1. Via Nilanjana Roy and a new hub created to document, discuss and act on gender violence, a curated list of stories worth reading from the past one week

2. Natasha Bhadwar on the tyranny of silence and how the victims are finally finding a voice again

3. Harini Calamur, eloquently making my case for me, on why we need to focus laser-sharp on the basics

4. Annie Zaidi on why women are proving to be their own worst enemies

5. Law professor Mrinal Satish on the startling ways in which the law on rape is applied in practice. An excerpt:

Let me provide a concrete example of how the stereotypes find their way into the trial process through medical examination. Assume that in examining an unmarried rape victim, the doctor notes the presence of old tears on her hymen. The doctor also notes that she was able to insert two or more fingers into the vagina of the victim. Although the doctor does not expressly opine that the woman was sexually active, this information is conveyed to the court by way of the medical report. My study showed that in cases where the medical report indicated that the woman had been sexually active before marriage, lower sentences were imposed on the offenders who raped them. In contrast, in cases where the offender had raped a virgin, the sentence was relatively higher. Thus, the sexual history of the victim had an impact on the sentence imposed on the offender. Another factor related to virginity is the perceived loss experienced by an unmarried victim, in terms of her marriageability. The Supreme Court has in a number of cases noted how rape adversely affects the chances of a woman finding a suitable groom. In this context, the Court has even held that the marital status of the woman can be a relevant factor in rape sentencing. It is not surprising then that offenders who raped unmarried (and virginal) women got higher sentences in contrast to men who raped married women. Further, courts tend to impose lower sentences when a victim who was unmarried when the offence was committed, gets married during the trial. Since the rape did not impact the victim’s ability to get married, the harm caused by the offence is discounted. An egregious example of this approach is the Supreme Court’s decision in Baldev Singh v. State of Punjab (2011), another gang rape case that got a lot of media attention. One of the reasons that the Court gave for reducing the sentence in this case was that the victim was now married.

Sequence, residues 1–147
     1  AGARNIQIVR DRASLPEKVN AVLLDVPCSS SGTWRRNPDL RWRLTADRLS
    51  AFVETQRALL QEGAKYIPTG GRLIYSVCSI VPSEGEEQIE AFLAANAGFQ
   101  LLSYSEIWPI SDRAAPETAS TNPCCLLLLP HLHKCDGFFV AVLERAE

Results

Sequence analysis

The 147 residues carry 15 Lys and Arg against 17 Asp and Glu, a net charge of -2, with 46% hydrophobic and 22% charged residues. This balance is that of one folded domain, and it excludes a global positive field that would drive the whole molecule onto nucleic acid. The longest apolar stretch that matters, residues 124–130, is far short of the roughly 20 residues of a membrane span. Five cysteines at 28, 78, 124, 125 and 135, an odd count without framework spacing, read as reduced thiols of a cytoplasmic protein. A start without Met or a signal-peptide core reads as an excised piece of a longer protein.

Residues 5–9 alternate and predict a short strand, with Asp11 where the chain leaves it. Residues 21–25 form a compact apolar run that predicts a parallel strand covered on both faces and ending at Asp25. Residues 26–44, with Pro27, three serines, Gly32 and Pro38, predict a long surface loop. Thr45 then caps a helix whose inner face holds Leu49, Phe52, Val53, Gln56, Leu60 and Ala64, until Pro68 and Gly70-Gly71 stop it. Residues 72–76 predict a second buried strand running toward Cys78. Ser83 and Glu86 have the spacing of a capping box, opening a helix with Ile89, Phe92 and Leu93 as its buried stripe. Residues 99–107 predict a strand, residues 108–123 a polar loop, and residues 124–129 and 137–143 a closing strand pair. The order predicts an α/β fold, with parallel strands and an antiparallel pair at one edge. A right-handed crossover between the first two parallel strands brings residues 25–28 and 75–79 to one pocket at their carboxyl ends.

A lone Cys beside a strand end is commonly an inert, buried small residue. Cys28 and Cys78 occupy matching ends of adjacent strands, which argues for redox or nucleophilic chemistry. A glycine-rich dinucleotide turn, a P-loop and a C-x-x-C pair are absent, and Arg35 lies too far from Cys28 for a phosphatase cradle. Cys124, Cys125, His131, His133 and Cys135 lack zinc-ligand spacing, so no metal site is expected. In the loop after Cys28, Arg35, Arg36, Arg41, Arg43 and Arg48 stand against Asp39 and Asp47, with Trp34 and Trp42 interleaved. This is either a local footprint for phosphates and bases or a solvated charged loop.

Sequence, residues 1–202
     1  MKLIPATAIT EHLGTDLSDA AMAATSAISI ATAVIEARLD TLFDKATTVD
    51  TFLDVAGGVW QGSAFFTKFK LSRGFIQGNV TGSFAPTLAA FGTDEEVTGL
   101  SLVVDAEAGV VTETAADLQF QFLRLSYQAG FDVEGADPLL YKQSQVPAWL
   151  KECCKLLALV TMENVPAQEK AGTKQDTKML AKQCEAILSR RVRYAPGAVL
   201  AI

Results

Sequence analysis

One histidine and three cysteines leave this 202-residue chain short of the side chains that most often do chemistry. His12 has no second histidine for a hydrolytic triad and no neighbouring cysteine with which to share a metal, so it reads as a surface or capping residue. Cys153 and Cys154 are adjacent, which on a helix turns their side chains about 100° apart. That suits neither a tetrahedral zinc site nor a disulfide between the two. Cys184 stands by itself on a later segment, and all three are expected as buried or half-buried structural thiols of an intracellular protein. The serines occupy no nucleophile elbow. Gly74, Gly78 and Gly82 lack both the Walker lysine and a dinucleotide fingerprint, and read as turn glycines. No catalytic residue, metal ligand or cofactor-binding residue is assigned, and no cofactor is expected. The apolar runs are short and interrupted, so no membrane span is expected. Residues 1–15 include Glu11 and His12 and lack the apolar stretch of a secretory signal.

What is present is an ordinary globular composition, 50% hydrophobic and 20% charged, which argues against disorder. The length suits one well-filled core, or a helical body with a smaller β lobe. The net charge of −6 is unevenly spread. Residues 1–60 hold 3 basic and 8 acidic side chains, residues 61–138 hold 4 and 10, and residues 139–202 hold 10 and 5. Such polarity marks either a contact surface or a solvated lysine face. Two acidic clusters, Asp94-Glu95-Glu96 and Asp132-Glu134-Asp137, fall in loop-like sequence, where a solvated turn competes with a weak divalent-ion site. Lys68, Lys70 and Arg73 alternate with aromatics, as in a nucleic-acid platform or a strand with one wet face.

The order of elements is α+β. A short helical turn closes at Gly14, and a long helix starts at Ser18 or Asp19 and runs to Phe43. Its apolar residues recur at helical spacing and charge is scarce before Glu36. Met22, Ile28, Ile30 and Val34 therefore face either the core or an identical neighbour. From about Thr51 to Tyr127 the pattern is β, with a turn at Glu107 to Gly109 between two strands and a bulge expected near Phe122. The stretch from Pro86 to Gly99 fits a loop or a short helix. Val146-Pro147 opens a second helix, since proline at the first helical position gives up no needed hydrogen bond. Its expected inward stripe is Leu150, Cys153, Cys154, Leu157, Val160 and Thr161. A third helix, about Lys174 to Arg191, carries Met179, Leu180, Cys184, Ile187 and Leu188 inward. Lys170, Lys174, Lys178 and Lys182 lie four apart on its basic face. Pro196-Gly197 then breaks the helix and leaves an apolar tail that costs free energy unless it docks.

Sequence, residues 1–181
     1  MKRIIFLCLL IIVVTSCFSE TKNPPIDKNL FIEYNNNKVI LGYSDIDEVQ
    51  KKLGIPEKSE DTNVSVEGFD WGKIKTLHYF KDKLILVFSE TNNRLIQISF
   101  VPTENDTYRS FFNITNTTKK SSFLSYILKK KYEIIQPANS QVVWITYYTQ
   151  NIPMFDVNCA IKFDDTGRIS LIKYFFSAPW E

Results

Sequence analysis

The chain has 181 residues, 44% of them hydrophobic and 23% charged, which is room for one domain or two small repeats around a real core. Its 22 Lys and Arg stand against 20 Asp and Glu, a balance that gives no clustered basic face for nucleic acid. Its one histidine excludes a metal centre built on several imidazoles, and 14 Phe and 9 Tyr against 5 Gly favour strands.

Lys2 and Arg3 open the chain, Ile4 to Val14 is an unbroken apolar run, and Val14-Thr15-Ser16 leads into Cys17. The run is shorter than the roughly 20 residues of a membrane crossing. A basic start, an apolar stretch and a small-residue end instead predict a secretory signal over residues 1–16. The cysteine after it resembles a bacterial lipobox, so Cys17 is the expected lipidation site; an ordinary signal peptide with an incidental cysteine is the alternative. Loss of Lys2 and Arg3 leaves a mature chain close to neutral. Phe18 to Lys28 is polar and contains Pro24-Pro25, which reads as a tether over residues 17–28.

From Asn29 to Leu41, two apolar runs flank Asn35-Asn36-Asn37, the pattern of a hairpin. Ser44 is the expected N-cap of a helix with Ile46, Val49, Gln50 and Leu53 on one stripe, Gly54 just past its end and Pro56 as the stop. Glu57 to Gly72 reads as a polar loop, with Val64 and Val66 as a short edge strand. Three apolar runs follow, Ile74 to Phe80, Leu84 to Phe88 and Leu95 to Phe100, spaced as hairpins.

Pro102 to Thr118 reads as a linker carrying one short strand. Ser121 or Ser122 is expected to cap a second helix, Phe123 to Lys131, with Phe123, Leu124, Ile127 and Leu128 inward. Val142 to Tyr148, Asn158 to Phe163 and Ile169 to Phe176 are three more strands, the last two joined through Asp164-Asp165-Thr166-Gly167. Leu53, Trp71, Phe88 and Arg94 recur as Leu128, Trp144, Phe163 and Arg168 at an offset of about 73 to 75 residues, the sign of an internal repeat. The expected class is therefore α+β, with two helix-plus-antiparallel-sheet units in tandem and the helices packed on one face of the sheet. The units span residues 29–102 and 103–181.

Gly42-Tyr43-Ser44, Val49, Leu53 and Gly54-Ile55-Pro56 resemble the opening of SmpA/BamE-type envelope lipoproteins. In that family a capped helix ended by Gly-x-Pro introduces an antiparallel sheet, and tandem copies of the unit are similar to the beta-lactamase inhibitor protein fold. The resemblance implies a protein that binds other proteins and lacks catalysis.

PS: Even as I finished writing this post and checked Twitter to see what else was going on, I found a teaser for a TV chat show coming up. Apparently the likes of Pooja Bedi, Chitrangadha Singh, Arjun Rampal and spokesmen from the VHP and Asaram Babu’s outfit are about to debate the latest hot topic: should Asaram Babu apologize (for idiotic remarks already alluded to earlier in this post).